There’s a late-winter chill in the house. A space heater is trying to do the work of a busted furnace. Angelina rubs the sleep out of her eyes as her mom gets her washed up and dressed.

It’s 8:45 in the morning. The 8-year-old is already late for school. She didn’t go to bed until after 2 a.m., because sleeping at her great-aunt’s home in the Walnut Park neighborhood in north St. Louis was not the plan. They couldn’t get into her mom’s sister’s apartment a few miles away. So it was back on the bus.

Missouri education officials released long-awaited school report cards Friday, and the good news is most schools are meeting expectations.

In fact, 97 percent of public schools scored in the fully accredited range, including Kansas City, Hickman Mills and Riverview Gardens — all districts trying to regain accreditation.

At the same time, fewer than half of public school students in Missouri passed the new, more rigorous math and English tests they took last spring.

Carolina Hidalgo / St. Louis Public Radio file photo

One of the first major policy issues introduced in the Missouri General Assembly every year is K-12 education funding, which takes up a fifth of the state budget.

Missouri Gov. Mike Parson talked a lot about expanding early childhood education opportunities in the weeks leading up to his first State of the State address and budget as governor.

It's the time of year when schoolchildren and, let's be honest, sometimes their parents, face a big decision: what gift to give their teacher for the holidays. There's the old standby, an apple on the desk. Gift cards are also convenient; and homemade cookies can earn bonus points. But many students get far more creative.

Crumbling sidewalks, peeling ceilings and outdated classrooms are some of the challenges facing Missouri’s public colleges and universities.

A campus review by the Missouri Department of Higher Education tallied up a $1.4 billion deferred maintenance backlog across the state’s two- and four-year campuses. This is the first review of its type in a decade.

Updated at 2:15 p.m. with comments from Vandeven — Margie Vandeven will return as Missouri’s top education official a year after her unpopular firing by then-Gov. Eric Greitens.

The State Board of Education announced its selection of Vandeven as state education commissioner Tuesday. She ran the state’s Department of Elementary and Secondary Education, or DESE, for three years before she was ousted.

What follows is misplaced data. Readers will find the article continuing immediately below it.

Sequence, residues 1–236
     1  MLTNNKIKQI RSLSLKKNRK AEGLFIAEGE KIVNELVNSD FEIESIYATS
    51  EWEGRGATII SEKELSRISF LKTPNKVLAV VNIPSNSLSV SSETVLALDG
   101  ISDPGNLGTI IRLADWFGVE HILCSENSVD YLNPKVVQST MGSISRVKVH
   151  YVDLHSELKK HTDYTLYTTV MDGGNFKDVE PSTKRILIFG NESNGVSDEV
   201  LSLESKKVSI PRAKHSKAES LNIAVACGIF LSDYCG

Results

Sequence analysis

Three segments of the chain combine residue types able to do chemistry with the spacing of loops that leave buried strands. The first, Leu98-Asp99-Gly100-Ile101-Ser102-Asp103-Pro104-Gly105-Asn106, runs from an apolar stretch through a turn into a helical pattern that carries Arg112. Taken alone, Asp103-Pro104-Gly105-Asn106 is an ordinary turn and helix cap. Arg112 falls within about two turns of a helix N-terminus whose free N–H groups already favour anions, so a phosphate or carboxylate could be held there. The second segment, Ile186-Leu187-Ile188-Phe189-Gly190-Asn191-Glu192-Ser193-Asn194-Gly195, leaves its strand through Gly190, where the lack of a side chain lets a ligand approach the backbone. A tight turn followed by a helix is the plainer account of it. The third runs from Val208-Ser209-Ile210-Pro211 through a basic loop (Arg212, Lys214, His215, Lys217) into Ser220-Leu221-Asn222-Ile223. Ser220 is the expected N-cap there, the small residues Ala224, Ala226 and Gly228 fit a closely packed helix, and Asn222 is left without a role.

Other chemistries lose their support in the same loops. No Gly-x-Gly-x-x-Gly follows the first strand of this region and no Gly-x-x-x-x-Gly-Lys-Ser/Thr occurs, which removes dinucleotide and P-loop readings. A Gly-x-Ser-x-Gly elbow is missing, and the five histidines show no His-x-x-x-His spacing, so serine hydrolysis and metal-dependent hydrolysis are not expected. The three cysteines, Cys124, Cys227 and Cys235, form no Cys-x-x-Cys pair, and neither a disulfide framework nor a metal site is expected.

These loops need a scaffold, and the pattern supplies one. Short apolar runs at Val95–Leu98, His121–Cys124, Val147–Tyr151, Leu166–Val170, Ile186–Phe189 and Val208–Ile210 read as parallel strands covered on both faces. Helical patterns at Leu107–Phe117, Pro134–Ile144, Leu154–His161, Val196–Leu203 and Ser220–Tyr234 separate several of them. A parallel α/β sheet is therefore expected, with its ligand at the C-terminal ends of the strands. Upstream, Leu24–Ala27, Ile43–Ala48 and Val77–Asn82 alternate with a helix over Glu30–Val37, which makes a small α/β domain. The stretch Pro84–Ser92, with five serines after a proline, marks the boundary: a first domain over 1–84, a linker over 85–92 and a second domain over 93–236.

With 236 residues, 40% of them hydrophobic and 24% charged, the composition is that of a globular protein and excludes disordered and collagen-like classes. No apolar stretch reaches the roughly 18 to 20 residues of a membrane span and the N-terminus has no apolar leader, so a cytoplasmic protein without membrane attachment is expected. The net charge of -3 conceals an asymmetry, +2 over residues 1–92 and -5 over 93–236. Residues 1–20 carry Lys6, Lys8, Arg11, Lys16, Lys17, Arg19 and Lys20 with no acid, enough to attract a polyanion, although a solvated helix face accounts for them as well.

Missouri House Speaker Todd Richardson will leave the Statehouse to oversee management of the state’s low-income health-insurance program.

Gov. Mike Parson on Monday appointed Richardson, 41, director of MO HealthNet. The appointment will take effect Nov. 1, about two months before Richardson's term in the House was to end.

Funding for running school buses in Missouri could return to state funding goals within five years if the state education department’s request to the legislature is fulfilled.

Missouri education officials outlined a $6.3 billion budget for the 2020 fiscal year to the state Board of Education Tuesday, which asks state lawmakers for more transportation aid and per-student funding as part of a $140 million increase in its budget.

During a statewide tour on Tuesday, Missouri Gov. Mike Parson said he wants work with lawmakers to fix two bills during next week’s special session.

Parson vetoed a bill to increase STEM education in high school and another to expand alternative prosecution for drug abusers, known as drug courts. Despite the vetoes, Parson is making it clear he still supports the spirit of the laws and would rather see them reshaped than overridden by lawmakers as currently written.

Missouri public school teachers educate their students on civics and the workings of government, but those same teachers aren’t allowed to participate in governing the state.

Missouri is one of four states where active public school teachers cannot also serve in their state legislature, according to a review of National Conference of State Legislatures data by Education Week.